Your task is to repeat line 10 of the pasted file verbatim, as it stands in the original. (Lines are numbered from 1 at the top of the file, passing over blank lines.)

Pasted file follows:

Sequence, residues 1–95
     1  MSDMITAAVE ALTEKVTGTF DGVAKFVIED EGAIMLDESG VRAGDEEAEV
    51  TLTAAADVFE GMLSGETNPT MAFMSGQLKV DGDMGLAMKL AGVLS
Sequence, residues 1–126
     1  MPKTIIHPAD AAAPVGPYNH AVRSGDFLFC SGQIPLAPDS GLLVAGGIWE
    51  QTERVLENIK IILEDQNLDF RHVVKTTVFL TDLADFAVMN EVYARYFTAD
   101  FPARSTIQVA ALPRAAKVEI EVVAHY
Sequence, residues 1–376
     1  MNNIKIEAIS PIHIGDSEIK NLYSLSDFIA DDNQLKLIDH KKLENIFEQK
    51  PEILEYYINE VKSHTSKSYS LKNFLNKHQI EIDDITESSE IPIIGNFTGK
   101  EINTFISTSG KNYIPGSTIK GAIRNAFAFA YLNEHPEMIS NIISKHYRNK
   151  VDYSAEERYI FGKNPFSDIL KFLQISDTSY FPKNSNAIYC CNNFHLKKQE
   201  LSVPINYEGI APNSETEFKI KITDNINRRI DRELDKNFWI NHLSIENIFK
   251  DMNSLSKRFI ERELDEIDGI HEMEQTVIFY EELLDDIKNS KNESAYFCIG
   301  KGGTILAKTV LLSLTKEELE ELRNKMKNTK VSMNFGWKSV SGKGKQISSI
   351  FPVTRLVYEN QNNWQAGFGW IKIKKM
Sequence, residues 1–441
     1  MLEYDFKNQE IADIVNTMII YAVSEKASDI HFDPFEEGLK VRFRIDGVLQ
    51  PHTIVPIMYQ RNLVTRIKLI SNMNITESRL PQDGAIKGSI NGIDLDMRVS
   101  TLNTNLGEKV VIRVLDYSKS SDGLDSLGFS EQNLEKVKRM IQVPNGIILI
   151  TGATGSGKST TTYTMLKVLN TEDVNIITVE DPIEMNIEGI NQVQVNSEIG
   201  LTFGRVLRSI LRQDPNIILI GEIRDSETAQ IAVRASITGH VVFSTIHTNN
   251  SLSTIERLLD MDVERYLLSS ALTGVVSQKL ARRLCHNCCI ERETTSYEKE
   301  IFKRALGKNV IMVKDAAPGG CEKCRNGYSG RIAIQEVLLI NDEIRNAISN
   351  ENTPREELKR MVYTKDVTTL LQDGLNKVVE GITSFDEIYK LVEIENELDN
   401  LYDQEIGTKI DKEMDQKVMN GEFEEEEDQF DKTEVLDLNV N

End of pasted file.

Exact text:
    51  PEILEYYINE VKSHTSKSYS LKNFLNKHQI EIDDITESSE IPIIGNFTGK